Leon Wieseltier jumps into the debate. There is nothing there but moral preening and a refusal to engage in the actual arguments of the opponents of intervention. More to the point, a public intellectual who backed the Iraq War actually writes the following sentences:

A “senior American official who is involved in Syria policy” plaintively said this to Dexter Filkins of The New Yorker: “People on the Hill ask me, ‘Why can’t we do a no-fly zone? Why can’t we do military strikes?’ Of course we can do these things. The issue is, where will it stop?” The answer is, we don’t know. But is the gift of prophecy really a requirement for historical action? Must we know the ending at the beginning? If so, then nobody would start a business, or a book, or a medical treatment, or a love affair, let alone an invasion of Omaha Beach.

Or the Iraq war. Perhaps he has some way of relating his previous massive error of judgment to his current position. But no: the word “Iraq” appears nowhere in the piece. It is as if it never happened. How about the massive problem of how to find the right insurgents to arm? Easy as pie:

We can still create pro-Western elements in the struggle for Syria after Assad, and deny Al Qaeda a government in Damascus, and stem the tide of the refugees that is shaking the entire region.

Notice how Wieseltier echoes the worst hubris of neoconservatism here: we can “create” pro-Western elements. Just like the Bushies told us we could “create” reality. How do you prevent those pro-Western elements from being outclassed by al Qaeda elements who are now the most effective fighting force in the country? Wieseltier doesn’t say. Why does he have to? Why indeed does he need to think at all about where jumping into a war we cannot control might lead?

All this talk of exiting is designed only to inhibit us from entering. Like its cousin “the slippery slope,” “the exit strategy” is demagoguery masquerading as prudence.

Actually, it’s the exact opposite. It’s prudence against the kind of self-righteous recklessness that gave us the Iraq catastrophe. Then this further act of amnesia:

Seventy thousand people have died in the Syrian war, most of them at the hands of their ruler. Since this number has appeared in the papers for many months, the actual number must be much higher.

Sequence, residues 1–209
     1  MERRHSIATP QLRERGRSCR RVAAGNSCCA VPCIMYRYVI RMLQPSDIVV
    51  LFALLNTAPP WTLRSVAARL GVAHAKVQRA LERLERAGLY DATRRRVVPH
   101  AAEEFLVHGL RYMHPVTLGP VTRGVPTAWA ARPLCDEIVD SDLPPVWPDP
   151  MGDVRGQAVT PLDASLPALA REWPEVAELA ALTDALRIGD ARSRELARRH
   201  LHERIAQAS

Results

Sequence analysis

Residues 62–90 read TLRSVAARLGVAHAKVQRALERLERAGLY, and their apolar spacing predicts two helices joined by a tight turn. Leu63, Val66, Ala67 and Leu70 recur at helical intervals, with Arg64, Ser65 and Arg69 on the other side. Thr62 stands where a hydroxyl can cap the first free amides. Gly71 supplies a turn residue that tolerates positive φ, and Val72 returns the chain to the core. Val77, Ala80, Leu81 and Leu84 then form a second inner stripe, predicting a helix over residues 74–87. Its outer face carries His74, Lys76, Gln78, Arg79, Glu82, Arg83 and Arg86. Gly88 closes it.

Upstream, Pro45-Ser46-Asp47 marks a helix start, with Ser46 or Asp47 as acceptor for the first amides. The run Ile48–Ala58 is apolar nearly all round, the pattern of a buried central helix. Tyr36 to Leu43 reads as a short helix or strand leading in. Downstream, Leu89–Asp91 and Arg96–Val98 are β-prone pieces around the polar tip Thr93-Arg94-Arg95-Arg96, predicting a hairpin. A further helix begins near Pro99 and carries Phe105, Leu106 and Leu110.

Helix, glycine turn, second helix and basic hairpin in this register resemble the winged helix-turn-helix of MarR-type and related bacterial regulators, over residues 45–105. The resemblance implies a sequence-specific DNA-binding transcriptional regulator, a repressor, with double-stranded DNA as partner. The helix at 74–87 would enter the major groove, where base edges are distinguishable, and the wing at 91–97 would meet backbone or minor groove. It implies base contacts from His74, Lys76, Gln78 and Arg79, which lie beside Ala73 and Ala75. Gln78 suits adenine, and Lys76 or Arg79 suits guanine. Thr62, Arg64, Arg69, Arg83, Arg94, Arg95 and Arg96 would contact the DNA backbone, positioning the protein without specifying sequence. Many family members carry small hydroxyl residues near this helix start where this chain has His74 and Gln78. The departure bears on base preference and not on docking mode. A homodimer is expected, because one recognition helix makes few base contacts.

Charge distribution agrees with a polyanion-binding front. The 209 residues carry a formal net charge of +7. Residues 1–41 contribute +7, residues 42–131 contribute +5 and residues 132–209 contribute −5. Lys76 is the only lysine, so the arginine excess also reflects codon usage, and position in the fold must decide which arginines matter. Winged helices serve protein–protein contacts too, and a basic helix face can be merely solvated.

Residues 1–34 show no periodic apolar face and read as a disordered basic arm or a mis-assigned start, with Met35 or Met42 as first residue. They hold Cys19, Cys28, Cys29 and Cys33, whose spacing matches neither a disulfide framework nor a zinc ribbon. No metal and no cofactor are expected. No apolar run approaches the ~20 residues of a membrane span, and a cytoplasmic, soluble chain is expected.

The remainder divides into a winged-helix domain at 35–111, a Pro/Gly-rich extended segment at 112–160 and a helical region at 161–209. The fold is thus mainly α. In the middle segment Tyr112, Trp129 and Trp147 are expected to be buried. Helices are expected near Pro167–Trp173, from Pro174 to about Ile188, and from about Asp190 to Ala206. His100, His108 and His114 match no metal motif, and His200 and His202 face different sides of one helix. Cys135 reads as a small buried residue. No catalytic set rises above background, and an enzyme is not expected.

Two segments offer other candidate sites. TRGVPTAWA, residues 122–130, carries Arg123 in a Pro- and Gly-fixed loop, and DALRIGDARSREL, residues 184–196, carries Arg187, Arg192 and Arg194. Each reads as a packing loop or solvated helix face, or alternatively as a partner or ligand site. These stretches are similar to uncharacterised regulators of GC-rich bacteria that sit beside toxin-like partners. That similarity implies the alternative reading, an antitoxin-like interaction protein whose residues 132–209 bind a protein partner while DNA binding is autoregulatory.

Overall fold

Does he recall how many Iraqis died in a sectarian civil war, while the US was nominally occupying the entire country? Over to Fareed Zakaria:

From 2003 to 2012, despite there being as many as 180,000 American and allied troops in Iraq, somewhere between 150,000 and 300,000 Iraqi civilians died and about 1.5 million fled the country. Jihadi groups flourished in Iraq, and al-Qaeda had a huge presence there. The U.S. was about as actively engaged in Iraq as is possible, and yet more terrible things happened there than in Syria.

But never mind. Let’s do it all over again! This infantile column would simply be simply another dumb, shallow piece if it weren’t for the moral superciliousness:

The moral dimension must be restored to our deliberations, the moral sting, or else Obama, for all his talk about conscience, will have presided over a terrible mutilation of American discourse: the severance of conscience from action.

Again, note the absolute amnesia. Because of prudent reluctance to enter a sectarian civil war in a failed Middle Eastern state, Obama has suddenly severed “conscience from action” in American government. Not the authorization of torture by Cheney (I have been unable to find a single sentence Wieseltier has written about torture or enhanced interrogations and you can see his basic acquiescence to it in this soft-ball exchange with Condi Rice, where Wieseltier echoes Rice in saying that torturing prisoners is “never a morally easy question,” when obviously it was); and not the criminal lack of preparation in occupying Iraq: these did not sever conscience from action. The only sentences I can find tackling American torture were these in his foul, McCarthyite attack on yours truly:

As far as I can tell, Krauthammer’s position on torture is owed to a deep and sometimes frantic concern for American security, and his position on the war in Gaza to a deep and sometimes frantic concern for Israeli security, and his position on Iran to a deep and sometime frantic concern for American and Israeli security. Whatever the merits of his views, I do not see that his motives are despicable.

My italics. But my essay tackling Krauthammer’s support for a new torture elite corps for the US did not question the sincerity of Krauthammer’s motives either. It merely argued passionately against his case. But notice Wieseltier’s refusal to address the substantive question of the morality of the Gestapo’s “enhanced interrogations.” A public intellectual so constantly vigilant about breaches of morality by the American government never got around to that subject, but is now claiming a moral Rubicon may be crossed because we don’t invade Syria?

I can only echo David Rieff:

Is it really too much to ask that those who supported the invasion and occupation of Iraq so enthusiastically at the time, and whose second thoughts have been far less fierce and full-throated than their initial enthusiasm, not deploy virtually the exact same crusading rhetoric about the necessity of the use of U.S. power in the name of overthrowing tyrants, and of America serving as an armed midwife to the birth of democracy in the Middle East, with regard to Syria as they did a decade ago with regard to Iraq?

Yes, apparently, it is far too much to ask.